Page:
Special to the Philanthropy Journal
By Muhi Khwaja
Muslims in America
There are roughly 3.5 million Muslims in the United States and, as we celebrate and observe the tradition of Hajj this week ending in Eid ul Adha (August 11th this year), it’s important to recognize that history and Muslim contributions to social causes in this country. Islam in America is nothing new. The Pluralism Project at Harvard University demonstrates that Muslims reached the shores of America in 1178 CE. From the roughly one-third of slaves brought to the Western Hemisphere who were African Muslims to American converts like Malcolm X and Muhammad Ali to the current Muslim congress members (Reps. André Carson, Ilhan Omar, and Rashida Tlaib), Muslims have been a part of this country’s make up for a long time. Today, as Muslims give back politically and socially, we also give back to our communities philanthropically.
Giving as a part of Islamic faith
Many Muslims abide by the third pillar of the faith, zakat, which means purity in Arabic. The act of giving zakat alms is a means of purifying one’s wealth and Muslims are obligated to give zakat if they have accumulated wealth equivalent to 3oz of gold throughout the year. In addition to giving zakat, many Muslims also give what is known as sadaqa, or general charity alms. The practice of taking from what you’ve earned and giving it to others who need it is a humbling practice. Zakat and sadaqa are mentioned over 80 times in the Qur’an, often times with prayer.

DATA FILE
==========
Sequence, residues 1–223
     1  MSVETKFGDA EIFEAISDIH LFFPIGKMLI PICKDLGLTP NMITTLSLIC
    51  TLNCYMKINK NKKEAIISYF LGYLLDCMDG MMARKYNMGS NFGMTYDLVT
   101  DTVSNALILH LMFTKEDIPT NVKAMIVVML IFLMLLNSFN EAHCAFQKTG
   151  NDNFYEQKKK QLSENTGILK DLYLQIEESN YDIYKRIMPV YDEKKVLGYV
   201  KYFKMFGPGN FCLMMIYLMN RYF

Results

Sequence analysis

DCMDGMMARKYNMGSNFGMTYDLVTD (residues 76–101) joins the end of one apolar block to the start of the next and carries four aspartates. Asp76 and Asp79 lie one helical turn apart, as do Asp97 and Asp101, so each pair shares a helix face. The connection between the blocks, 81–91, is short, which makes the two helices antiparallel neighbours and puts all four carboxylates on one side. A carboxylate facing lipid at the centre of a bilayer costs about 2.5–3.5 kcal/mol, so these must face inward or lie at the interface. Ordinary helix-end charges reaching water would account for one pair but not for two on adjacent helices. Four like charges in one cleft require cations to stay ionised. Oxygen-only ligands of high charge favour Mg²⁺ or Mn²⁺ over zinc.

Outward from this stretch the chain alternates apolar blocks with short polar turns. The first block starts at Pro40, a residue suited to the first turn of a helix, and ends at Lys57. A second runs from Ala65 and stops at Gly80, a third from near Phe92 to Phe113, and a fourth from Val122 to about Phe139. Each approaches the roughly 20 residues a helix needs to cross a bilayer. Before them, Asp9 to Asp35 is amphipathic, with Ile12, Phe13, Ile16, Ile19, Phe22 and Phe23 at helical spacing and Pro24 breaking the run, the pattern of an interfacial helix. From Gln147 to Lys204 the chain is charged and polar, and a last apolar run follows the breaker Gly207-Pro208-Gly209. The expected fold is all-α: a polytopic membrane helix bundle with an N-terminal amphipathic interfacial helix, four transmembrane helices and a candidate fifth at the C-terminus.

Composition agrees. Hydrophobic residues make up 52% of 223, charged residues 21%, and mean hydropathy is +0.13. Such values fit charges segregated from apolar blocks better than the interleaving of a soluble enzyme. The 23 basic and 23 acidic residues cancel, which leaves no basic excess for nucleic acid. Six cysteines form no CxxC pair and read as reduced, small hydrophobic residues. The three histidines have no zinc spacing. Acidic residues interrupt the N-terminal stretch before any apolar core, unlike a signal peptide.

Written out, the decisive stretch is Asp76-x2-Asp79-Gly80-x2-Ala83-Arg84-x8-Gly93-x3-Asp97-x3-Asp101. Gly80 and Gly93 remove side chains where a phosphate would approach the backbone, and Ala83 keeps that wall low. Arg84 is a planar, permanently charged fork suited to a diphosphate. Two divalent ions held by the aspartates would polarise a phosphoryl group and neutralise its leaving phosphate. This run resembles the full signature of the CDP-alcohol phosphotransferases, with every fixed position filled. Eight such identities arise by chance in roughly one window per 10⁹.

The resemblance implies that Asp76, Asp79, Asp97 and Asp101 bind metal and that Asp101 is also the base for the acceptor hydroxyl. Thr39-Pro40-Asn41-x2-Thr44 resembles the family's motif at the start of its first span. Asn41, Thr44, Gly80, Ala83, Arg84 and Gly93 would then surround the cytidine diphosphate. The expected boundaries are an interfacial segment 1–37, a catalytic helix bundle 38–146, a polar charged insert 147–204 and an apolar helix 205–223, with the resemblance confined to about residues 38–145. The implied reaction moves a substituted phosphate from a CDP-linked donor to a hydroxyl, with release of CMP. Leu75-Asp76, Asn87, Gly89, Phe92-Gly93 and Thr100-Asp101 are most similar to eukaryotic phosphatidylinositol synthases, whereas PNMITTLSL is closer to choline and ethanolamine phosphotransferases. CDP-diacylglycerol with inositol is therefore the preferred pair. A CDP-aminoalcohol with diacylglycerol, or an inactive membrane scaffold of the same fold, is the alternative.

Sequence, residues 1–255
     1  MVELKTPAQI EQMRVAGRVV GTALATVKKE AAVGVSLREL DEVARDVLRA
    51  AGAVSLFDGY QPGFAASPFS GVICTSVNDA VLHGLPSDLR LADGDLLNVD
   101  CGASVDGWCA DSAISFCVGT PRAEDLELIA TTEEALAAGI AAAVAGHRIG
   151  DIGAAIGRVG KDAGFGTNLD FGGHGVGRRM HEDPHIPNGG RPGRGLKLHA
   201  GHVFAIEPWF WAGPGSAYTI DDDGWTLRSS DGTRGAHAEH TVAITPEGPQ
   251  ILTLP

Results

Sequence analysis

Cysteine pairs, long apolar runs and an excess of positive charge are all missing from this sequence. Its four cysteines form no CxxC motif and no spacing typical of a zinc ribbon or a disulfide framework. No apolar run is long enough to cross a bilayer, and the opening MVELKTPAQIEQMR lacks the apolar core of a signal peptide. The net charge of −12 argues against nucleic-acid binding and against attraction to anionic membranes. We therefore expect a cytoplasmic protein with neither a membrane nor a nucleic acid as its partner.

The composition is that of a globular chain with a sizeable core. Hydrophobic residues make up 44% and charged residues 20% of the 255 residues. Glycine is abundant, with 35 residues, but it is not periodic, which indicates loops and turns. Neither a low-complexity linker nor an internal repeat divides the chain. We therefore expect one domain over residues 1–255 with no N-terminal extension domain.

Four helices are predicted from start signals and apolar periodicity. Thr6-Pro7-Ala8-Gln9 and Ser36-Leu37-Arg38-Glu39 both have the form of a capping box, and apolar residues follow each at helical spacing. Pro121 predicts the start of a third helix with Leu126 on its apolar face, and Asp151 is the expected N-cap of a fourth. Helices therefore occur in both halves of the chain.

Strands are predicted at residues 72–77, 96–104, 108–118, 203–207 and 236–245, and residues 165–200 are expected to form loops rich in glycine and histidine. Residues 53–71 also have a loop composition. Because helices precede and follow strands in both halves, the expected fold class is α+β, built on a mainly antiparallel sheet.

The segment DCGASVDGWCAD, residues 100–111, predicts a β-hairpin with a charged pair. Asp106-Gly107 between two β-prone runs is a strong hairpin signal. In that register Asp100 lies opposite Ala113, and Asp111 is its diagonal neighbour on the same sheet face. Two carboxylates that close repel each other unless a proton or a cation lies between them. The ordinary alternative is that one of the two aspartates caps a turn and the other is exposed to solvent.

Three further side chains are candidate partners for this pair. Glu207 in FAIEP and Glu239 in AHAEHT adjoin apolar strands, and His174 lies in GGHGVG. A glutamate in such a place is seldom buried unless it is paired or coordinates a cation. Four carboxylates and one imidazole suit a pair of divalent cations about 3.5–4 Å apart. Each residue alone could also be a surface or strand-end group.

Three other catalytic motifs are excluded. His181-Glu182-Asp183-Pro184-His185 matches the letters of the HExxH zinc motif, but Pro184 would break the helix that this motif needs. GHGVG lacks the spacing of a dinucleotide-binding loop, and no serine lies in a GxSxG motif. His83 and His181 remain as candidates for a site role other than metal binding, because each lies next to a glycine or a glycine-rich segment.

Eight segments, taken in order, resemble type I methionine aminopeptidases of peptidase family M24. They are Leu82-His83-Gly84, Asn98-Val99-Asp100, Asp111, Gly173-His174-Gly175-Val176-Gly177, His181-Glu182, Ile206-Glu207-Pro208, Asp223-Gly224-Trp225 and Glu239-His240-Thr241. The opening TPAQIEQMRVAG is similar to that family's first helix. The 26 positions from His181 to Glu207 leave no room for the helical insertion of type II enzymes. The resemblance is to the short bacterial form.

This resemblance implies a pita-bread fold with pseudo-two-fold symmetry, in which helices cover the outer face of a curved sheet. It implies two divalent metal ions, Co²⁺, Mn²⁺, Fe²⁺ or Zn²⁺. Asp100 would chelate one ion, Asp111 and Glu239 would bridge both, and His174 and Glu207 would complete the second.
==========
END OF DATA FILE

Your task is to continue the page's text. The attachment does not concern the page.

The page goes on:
Despite the many barriers that minorities face, these communities have grit and are devoted to hard work. Today, minorities take advantage of educational and business options available in the United States and economic empowerment is improving the lifestyle experience from generation to generation. This can also lead to increased philanthropic and civic participation. A study by the Institute of Social Policy and Understanding shows that Muslims who are more active in their mosques are more likely to vote. ISPU also recently released a report on American Muslim Philanthropy showcasing that Muslims are just as likely to give to non-religious causes and have a willingness to support domestic causes that solve hunger and poverty. Muslims give because of their religious duty but also because they have the capacity to help.
Most donations are given in the month of Ramadan, the ninth month of the Islamic lunar calendar. The added benefit of increasing acts of good-will in Ramadan is incentivized by the blessings Muslims seek in reward. However, an increasing number of donations are also made during the week of Hajj, and before the end of the year in December as well.
When Hurricane Harvey devastated parts of Houston in 2017, like many in America, Muslim families came together to donate to the Houston Food Bank and the American Red Cross. When tragedies targeting religious communities in New Zealand, Sri Lanka, and Pittsburgh happened, the Muslim community stepped up to donate and help rebuild. Thousands of donors gave hundreds of thousands of dollars through multiple campaigns hosted on LaunchGood, an online Muslim crowdfunding platform.
To help Muslims streamline their zakat and sadaqa, the American Muslim Fund (AMF) was established in 2016 to help bring the best practices of Donor Advised Funds (DAF) in a grassroots, mainstream way to the Muslim community. A DAF is a giving vehicle that provides the donor with immediate tax benefits and allows them to support their charities of choice through grant recommendations on their own timetable. Using a DAF gives families the ability to name their fund, invest their charitable dollars, and pass on the tradition of giving to others generation to generation.